We’ve been driving for twelve minutes with lights and siren and we’re still miles from the call location. Our ambulance travels further into the hills on this foggy morning, in a desperate attempt to find the curvy ridgeline road where a bicyclist has been hit by a car. The update came in a few minutes ago that CPR is in progress and the Parks Department Fire Rescue is on scene.
I’ve been going over CPR ratios with my military EMT student who is anxiously peering into the front compartment. He’s twenty but looks like he’s twelve with a fresh, bootcamp buzz cut and black-rimmed glasses.
We can tell we’re getting closer as passing bicyclists are pointing back up the hill as we go by. We round the bend to find firefighters doing CPR on a man in the middle of the street. I walk up to the scene carrying my monitor and suction with my student in tow.
I set my monitor on the uphill side of the patient because blood is flowing downhill at every compression. I tap the firefighter who’s doing CPR on the shoulder and ask if my student can get some compression time while I start assessing the injuries and looking for a pulse. The firefighter pulls back and I feel at the bloody neck for a pulse while listening with my stethoscope for heart tones and breath sounds.
“Resume CPR.” My student starts compressions on the chest like a machine and I have to remind him to count it out for the others while I’m attaching electrodes. I’ll get an electrical reading of the heart on the next pulse check but I already know what I’ll find.
I suction out the mouth, which is a reservoir of blood that just keeps filling on every compression. The firefighters have been doing this for ten minutes and they know as well as I do that this guy isn’t coming back. As I’m waiting for the next transition of CPR the lieutenant shows me the helmet. The top is actually concave! Usually I see scrape and slide marks on helmets from a bicyclist. The concave nature of the helmet tells me a lot. I kneel down to feel the section of his head that corresponds to the helmet damage. Palpating the bones of the skull I feel them give away to depress into the brain. I look up to the lieutenant, “You can cancel the helicopter, we won’t be transporting.”
He walks away while talking into his radio as I have my student stop CPR so I can document the flat line of asystole – showing that the heart has no electrical activity – with a long printout from my monitor.
I switch my student into the airway position and show him how to use the suction while another firefighter picks up the compressions without losing a beat. Walking across the road to the guardrail I pull out my cell phone and hope for a signal while I stare at the hillside disappearing below me in the fog. After a few rings I hear a voice on the other end.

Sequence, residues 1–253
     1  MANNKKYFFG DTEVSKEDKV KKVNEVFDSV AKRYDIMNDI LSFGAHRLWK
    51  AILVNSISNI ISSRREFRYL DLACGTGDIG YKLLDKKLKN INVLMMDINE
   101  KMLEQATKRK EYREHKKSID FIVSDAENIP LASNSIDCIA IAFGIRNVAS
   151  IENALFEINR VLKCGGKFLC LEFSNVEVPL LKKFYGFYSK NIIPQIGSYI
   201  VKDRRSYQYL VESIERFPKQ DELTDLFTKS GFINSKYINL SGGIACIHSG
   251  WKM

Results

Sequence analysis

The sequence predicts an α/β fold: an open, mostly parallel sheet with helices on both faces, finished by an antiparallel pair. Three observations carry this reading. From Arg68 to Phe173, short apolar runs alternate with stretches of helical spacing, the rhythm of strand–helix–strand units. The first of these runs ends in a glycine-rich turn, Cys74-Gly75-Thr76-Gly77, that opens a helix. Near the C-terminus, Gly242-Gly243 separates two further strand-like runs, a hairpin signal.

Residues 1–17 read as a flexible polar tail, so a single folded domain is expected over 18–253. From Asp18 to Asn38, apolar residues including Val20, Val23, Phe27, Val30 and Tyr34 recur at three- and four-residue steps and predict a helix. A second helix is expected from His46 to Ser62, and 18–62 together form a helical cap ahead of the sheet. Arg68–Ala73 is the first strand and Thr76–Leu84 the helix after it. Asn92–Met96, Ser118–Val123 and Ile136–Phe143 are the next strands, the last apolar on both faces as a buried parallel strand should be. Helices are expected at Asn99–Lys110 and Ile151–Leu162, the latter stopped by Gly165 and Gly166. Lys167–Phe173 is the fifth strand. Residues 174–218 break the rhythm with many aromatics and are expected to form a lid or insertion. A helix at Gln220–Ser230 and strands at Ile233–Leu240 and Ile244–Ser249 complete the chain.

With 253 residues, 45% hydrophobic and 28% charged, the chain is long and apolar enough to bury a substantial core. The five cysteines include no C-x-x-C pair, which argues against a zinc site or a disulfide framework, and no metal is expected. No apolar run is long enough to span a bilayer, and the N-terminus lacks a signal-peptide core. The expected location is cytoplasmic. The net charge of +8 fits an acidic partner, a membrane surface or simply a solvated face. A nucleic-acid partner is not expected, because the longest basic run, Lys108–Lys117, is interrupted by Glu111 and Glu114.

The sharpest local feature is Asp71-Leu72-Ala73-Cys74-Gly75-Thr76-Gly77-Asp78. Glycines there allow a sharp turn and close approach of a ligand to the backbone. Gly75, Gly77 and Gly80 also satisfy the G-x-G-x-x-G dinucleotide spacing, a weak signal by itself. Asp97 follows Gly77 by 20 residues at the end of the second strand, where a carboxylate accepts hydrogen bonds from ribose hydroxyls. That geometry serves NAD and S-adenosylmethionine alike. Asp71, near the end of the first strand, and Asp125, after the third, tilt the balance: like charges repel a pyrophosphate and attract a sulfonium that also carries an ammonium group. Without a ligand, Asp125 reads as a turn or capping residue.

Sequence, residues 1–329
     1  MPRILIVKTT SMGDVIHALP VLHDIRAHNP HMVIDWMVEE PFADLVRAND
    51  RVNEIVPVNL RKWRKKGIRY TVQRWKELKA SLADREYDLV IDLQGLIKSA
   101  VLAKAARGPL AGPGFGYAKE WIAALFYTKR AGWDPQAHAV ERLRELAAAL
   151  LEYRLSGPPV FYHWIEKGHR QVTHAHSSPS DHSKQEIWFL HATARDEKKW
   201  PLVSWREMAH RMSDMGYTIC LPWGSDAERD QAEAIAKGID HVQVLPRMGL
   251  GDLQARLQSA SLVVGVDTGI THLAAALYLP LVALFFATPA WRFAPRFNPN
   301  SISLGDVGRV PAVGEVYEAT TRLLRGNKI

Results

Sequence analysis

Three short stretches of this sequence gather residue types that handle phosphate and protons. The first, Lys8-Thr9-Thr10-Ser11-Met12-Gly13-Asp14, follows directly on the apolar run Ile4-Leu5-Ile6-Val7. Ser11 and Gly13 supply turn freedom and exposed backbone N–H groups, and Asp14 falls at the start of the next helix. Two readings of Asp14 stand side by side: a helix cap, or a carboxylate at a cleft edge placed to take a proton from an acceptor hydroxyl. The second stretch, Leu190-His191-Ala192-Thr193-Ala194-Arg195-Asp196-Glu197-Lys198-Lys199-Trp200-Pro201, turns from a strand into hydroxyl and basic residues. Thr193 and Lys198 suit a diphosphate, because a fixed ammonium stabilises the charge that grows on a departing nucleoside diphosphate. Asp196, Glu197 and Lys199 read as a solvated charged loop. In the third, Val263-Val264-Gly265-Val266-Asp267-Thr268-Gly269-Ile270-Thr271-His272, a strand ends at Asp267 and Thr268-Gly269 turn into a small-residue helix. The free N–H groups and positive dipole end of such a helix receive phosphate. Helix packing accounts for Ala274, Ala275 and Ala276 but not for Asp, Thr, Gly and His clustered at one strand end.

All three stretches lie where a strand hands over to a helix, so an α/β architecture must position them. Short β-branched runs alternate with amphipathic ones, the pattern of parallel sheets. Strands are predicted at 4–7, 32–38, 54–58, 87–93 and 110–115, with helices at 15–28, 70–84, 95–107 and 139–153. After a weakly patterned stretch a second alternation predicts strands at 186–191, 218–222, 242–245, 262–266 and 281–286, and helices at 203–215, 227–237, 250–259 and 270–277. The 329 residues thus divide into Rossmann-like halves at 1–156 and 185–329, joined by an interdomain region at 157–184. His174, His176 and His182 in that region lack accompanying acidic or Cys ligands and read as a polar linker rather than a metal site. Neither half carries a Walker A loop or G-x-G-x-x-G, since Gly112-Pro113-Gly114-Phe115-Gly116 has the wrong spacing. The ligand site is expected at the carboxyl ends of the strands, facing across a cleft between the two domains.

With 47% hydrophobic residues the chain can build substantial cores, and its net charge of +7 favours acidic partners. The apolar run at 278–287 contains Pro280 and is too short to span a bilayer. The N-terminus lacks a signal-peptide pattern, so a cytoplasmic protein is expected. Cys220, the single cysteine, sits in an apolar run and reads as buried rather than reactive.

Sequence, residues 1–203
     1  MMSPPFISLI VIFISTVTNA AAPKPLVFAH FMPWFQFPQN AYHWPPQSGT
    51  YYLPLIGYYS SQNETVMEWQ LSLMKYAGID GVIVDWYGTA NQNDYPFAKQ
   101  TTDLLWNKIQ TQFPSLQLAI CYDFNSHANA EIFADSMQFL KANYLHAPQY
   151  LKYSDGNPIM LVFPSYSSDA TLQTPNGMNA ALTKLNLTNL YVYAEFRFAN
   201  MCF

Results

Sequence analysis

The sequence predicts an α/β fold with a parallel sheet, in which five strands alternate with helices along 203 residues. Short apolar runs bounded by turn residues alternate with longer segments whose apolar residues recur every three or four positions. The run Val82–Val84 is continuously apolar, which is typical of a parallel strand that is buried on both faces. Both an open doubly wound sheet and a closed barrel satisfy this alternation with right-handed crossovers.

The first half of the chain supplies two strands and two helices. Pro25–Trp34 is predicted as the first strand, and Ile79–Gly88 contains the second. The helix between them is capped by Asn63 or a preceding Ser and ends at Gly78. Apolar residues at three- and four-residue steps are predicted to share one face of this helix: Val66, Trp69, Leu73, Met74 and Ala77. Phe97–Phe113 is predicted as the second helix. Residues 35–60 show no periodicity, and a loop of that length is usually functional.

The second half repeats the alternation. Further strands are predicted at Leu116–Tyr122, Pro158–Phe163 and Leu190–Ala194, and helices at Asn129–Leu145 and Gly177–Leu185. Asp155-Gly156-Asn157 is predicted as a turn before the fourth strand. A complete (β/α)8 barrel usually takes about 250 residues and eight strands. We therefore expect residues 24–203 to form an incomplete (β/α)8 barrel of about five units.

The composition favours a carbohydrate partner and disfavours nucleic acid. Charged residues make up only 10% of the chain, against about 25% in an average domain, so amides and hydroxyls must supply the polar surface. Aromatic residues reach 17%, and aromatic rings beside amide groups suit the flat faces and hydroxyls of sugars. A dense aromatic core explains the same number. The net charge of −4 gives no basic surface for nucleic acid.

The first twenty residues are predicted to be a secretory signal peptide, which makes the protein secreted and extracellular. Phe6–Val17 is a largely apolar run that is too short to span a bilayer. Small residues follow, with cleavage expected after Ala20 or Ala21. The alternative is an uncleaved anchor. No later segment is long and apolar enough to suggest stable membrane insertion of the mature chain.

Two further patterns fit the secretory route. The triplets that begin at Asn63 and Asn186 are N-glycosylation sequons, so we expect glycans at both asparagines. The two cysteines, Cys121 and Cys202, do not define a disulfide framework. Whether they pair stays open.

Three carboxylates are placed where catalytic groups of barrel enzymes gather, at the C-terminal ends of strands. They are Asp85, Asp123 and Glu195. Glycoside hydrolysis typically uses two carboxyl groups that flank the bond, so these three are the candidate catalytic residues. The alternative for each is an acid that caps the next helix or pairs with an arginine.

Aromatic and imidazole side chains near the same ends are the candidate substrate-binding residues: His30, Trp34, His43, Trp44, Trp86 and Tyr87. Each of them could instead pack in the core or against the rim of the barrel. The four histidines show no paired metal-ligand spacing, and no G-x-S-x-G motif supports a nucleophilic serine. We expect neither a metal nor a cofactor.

“Medical control, this is Dr. French.”
“Good morning Dr. French. This is paramedic KC on Medic-40 calling for base orders to discontinue resuscitation efforts on a traumatic arrest.”
“Okay, Medic-40, go with info.”
“I have a 43 year old male involved in a head-on bicycle vs. auto. BLS Fire has been on scene for fifteen minutes. The patient was pulseless and apneic upon their arrival. An AED was applied with no shock advised. They proceeded with CPR until our arrival. My monitor is showing asystole in three leads. I have a compromised airway that refills with blood upon every compression. I have a concave bicycle helmet consistent with impact to the car’s bumper and skull crepitus corresponding to the helmet damage.”
“Yeah, that sounds non-viable. Is that your assessment as well?”
“Yes sir, that is the consensus on-scene.”
“Okay, let’s call it: time of death zero nine forty three. Have a better day.”
“Thank you sir. You too.”
While on the phone I’ve been standing next the the guard rail at the side of the road and the fog lifts to reveal the hillside extending for miles below me with the city by the water and bridges extending across the bay that disappear in the marine layer. The view is breathtaking and I’d love to be able to enjoy it but I have other business to attend to.
Turning back to the task at hand I give a discrete nod to the lieutenant who’s standing over the CPR efforts. He unfolds the yellow rain blanket and covers the dead body laying in the middle of the road. As the rest of the scene comes into focus for me I see five men in matching bicycle spandex uniforms standing at the side of the road. Underneath the yellow blanket lies their missing teammate who was wearing the same uniform. It looks like I still have some work to do and it’s one of my least favorite aspects of the job.
“Hey guys, come on over here and let me explain what’s going on.” They are crying and shaking from the cold of the morning. I send my student back to the rig for blankets as I position myself with my back to the guardrail – this focuses them away from the bloody mess in the road and gives a majestic backdrop to the difficult speech I’m about to give. They huddle close as my student is draping blankets over their shoulders.
“We’ve been working on him for over twenty minutes now and he wasn’t responding to any of our efforts. I had a conversation with a doctor and we both agreed that it was time stop and pronounce death. What I can tell you is that he had very severe damage to the head and extensive internal damage to the organs. It’s very likely that he died upon the initial impact. I wish that there was more that we could do but his injuries were incompatible with life. I’m very sorry for your loss.”